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Structure of the lipoprotein lipase-GPIHBP1 complex that mediates plasma triglyceride hydrolysis

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  5. A disordered acidic domain in GPIHBP1 harboring a sulfated tyrosine regulates lipoprotein lipase

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  1. GPIHBP1 and Lipoprotein Lipase, Partners in Plasma Triglyceride Metabolism

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  2. Evolution and Medical Significance of LU Domain-Containing Proteins

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  3. The PCNA interaction motifs revisited: thinking outside the PIP-box

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  4. Did evolution create a flexible ligand-binding cavity in the urokinase receptor through deletion of a plesiotypic disulfide bond?

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Lipoprotein lipase (LPL) is responsible for the intravascular processing of triglyceride-rich lipoproteins. The LPL within capillaries is bound to GPIHBP1, an endothelial cell protein with a three-fingered LU domain and an N-terminal intrinsically disordered acidic domain. Loss-of-function mutations in LPL or GPIHBP1 cause severe hypertriglyceridemia (chylomicronemia), but structures for LPL and GPIHBP1 have remained elusive. Inspired by our recent discovery that GPIHBP1's acidic domain preserves LPL structure and activity, we crystallized an LPL-GPIHBP1 complex and solved its structure. GPIHBP1's LU domain binds to LPL's C-terminal domain, largely by hydrophobic interactions. Analysis of electrostatic surfaces revealed that LPL contains a large basic patch spanning its N- and C-terminal domains. GPIHBP1's acidic domain was not defined in the electron density map but was positioned to interact with LPL's large basic patch, providing a likely explanation for how GPIHBP1 stabilizes LPL. The LPL-GPIHBP1 structure provides insights into mutations causing chylomicronemia.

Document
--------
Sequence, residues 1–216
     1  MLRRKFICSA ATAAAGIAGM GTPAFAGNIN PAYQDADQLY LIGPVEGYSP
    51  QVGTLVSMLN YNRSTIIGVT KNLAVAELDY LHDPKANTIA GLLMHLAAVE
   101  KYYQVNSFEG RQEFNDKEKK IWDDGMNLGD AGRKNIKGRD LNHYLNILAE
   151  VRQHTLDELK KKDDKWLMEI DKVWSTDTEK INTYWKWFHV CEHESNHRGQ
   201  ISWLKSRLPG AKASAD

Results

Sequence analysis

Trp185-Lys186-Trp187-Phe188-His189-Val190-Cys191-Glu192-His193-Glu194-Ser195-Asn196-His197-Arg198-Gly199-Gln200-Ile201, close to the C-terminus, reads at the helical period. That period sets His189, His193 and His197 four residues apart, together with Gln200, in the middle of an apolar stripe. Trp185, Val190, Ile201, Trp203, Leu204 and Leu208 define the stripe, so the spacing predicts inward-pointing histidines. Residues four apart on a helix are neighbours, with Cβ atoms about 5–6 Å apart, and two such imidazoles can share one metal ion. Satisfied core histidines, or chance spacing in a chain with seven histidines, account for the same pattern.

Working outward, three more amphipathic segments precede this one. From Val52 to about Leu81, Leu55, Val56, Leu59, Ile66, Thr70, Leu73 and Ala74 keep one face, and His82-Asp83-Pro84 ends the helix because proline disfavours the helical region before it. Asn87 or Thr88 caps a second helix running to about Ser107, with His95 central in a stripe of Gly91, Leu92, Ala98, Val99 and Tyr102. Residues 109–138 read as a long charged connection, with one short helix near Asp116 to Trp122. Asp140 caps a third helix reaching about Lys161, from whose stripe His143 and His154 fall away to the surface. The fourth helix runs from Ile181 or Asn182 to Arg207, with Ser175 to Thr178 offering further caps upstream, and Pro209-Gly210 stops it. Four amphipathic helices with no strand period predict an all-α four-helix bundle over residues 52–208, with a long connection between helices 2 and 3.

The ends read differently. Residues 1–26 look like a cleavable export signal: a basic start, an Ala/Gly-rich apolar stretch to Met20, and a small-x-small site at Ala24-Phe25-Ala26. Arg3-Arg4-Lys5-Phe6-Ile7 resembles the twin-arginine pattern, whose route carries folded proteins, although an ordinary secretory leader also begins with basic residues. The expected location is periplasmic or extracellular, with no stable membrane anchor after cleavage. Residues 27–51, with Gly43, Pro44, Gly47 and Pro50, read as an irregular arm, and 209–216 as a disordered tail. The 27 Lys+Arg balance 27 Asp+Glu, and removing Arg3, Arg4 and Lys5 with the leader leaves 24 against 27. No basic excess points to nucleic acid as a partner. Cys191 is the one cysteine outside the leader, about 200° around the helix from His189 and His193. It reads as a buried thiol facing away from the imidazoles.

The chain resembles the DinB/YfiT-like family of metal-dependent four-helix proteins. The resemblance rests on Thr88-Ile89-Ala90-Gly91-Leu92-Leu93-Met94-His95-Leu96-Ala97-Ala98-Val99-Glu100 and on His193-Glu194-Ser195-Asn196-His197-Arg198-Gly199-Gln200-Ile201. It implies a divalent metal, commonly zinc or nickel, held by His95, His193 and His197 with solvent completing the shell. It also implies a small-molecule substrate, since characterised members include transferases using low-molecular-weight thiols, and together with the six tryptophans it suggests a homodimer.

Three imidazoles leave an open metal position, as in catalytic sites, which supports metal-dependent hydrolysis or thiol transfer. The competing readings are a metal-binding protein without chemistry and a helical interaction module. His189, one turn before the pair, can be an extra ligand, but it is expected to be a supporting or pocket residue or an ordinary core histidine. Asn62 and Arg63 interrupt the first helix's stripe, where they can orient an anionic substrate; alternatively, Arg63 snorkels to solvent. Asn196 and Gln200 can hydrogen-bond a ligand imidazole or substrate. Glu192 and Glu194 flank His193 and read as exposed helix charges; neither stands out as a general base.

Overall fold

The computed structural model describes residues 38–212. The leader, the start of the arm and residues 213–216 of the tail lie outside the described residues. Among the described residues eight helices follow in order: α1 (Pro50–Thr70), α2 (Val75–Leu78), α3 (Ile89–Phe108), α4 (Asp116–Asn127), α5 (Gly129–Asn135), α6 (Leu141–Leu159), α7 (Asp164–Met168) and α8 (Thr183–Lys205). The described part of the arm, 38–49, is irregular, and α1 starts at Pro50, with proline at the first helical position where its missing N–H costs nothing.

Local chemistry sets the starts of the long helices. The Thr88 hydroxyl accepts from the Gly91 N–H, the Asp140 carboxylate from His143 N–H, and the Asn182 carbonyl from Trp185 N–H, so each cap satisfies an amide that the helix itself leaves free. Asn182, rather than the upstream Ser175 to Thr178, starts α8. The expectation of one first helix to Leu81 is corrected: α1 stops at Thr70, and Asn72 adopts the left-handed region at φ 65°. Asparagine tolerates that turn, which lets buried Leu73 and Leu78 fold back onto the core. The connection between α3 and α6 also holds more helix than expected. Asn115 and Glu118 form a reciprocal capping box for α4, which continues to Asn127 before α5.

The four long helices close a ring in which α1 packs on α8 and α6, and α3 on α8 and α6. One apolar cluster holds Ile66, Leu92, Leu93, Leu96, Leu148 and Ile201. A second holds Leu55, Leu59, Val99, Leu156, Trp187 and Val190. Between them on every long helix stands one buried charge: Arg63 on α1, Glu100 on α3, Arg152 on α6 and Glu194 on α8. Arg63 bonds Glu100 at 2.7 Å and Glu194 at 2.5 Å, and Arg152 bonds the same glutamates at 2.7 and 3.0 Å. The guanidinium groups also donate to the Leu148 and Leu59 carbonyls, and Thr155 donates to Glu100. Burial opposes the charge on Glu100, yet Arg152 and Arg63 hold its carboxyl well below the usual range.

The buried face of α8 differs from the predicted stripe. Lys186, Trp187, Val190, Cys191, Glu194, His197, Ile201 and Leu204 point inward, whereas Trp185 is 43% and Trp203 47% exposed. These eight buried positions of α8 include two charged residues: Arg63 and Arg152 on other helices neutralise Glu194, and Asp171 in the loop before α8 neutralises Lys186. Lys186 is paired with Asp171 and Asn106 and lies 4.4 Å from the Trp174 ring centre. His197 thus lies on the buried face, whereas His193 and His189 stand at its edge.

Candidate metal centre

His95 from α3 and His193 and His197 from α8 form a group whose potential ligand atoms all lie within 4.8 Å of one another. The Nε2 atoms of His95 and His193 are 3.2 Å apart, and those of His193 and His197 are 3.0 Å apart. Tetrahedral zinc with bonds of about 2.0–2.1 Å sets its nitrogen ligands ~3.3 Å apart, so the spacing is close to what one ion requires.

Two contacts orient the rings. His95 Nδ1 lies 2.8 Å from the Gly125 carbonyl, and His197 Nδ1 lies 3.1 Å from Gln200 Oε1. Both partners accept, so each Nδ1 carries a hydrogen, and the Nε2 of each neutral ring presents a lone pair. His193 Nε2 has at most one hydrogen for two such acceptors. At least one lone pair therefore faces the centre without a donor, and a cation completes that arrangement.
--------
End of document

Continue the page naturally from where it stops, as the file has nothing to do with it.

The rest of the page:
Original languageEnglish
JournalProceedings of the National Academy of Sciences of the United States of America
Volume116
Issue number5
Pages (from-to)1723-1732
ISSN0027-8424
DOIs
Publication statusPublished - 2019

ID: 56215211